Marybeth Black, who worked with grassroots media and pirate radio before Katrina, and now blogs and shoots video, suggested that New Orleans’ problems have been exacerbated by the disinterest of activists elsewhere, “In the elections of 2004 so many things went wrong here. People didn’t get their registration cards until after the elections, and I remember listening to these media groups and watchdogs on the radio. I called them to talk about these problems, but there was really a sense New Orleans wasn’t included in the activist agenda.”
Media Activists in New Orleans are still looking toward the future. As the attacks on residents continue, evictions and construction are happening despite a court order banning the bulldozing of homes in certain areas. Marybeth suggests, “The independent media can serve as a roundtable for the dialogue that needs to happen. It has a potential to serve as living history and connect people to each other. I get calls from displaced survivors trying to organize and need to know what’s going on here. The media can become interactive in facilitating some of these conversations.”
Grassroots media activists such as FluxRostrum see themselves as intrinsic to protecting the rights of New Orleans’ overlooked populace. “We can’t trust the corporate media to tell us the truth. They’re not going to say we’re evicting people that have no options, because they were destroyed by this natural disaster. The judge says don’t bulldoze and they start bulldozing anyway. If there aren’t people there armed with a camera and a lawyer with knowledge, it doesn’t matter what the judge says – stuff will be bulldozed. The longterm future of activist media in New Orleans will be prevention. Prevention of the land grab, protection of people’s rights who can’t be there.”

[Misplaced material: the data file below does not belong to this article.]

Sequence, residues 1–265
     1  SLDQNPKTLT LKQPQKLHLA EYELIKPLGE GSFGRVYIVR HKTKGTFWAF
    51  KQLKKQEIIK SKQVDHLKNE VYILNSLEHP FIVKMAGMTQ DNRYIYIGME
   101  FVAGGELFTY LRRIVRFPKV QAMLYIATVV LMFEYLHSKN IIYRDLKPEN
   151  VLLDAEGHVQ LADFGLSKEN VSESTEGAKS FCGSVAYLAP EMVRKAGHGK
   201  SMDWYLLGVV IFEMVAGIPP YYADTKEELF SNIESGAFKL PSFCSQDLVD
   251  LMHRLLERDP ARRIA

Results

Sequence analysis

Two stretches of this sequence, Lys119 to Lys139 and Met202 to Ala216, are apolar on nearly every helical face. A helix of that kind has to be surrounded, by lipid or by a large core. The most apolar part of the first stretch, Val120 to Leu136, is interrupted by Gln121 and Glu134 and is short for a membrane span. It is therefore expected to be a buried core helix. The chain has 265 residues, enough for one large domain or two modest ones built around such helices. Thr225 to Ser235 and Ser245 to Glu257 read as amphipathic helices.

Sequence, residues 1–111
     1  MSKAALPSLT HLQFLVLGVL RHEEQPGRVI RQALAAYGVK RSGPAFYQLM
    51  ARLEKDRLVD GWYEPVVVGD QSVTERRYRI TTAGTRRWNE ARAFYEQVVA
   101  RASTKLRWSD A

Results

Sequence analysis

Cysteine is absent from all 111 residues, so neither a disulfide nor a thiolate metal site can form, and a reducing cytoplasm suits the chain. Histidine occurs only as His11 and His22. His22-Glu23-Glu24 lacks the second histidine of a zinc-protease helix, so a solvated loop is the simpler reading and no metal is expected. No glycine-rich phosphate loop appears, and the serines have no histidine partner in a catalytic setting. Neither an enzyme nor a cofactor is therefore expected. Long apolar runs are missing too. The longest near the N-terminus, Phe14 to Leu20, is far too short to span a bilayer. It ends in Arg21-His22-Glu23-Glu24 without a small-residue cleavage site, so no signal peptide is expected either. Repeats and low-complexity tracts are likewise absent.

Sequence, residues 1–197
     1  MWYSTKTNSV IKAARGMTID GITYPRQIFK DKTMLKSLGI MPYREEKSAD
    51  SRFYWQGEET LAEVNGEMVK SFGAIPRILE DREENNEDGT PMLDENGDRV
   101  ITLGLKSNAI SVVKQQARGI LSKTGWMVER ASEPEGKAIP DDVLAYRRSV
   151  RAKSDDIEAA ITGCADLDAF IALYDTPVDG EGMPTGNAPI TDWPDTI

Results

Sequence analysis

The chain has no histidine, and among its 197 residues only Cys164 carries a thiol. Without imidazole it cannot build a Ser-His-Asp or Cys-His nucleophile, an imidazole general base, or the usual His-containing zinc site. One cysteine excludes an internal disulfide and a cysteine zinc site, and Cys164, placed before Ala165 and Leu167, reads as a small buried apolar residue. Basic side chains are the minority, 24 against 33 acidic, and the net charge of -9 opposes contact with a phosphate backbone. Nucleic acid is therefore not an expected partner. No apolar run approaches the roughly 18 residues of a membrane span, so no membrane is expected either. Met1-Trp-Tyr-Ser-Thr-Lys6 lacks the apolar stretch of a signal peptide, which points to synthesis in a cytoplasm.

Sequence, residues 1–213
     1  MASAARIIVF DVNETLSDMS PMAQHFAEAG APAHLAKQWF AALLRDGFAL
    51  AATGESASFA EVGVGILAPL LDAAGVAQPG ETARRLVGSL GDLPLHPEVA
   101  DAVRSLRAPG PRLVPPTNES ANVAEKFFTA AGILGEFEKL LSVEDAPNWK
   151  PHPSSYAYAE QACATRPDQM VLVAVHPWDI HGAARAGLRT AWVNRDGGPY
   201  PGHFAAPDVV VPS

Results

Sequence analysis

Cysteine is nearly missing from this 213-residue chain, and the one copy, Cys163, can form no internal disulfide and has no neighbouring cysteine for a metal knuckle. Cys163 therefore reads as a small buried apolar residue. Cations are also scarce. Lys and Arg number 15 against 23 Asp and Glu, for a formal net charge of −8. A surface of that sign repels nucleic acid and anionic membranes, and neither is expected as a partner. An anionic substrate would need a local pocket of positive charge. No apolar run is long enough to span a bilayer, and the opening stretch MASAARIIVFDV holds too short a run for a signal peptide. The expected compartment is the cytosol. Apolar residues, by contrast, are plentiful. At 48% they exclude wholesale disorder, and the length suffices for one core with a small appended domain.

Mr. Torres-Tama said, “I like to consider myself and optimist and I’m hoping that all of this will lead to greater possibilities and more organizations to develop independent media and using the web to present these issues and tie us together. For everyone who has returned it’s a combination of ecstasy and infinite sadness. We’re living with Hiroshima in our backyard.”
Marybeth Black still holds a great hope for the future, and, like many of New Orleans’ new and old media activist community, she plans to continue organizing and looking toward the future. Perhaps exemplifying the constant life of New Orleans, she looks to the best that can be accomplished from even the direst circumstances. “It’s a training ground for 21st century activist media. You can do all this planning for 2 years organizing a pirate radio station but then a hurricane happens and everything changes. I don’t think anyone knows what will happen between now and next hurricane season. We have an opportunity to become skilled media activists with half a foot in the US, and half a foot in a disaster zone.”
Check out neworleans.indymedia.org for more.
Brian Conley is a 25 year-old journalist and filmmaker. He is the founder of the Alive in Baghdad Project. During his first trip to Iraq, the Alive in Baghdad Project focused on interviewing Iraqis living in and outside Baghdad. At this point Brian is working on writing articles about the ongoing situation in Iraq and arranging the project’s second phase. It is the goal of the Alive in Baghdad Project to make Westerners, and particularly Americans, more aware of the Iraqi experience and to begin to understand the occupation from the Iraqi perspective.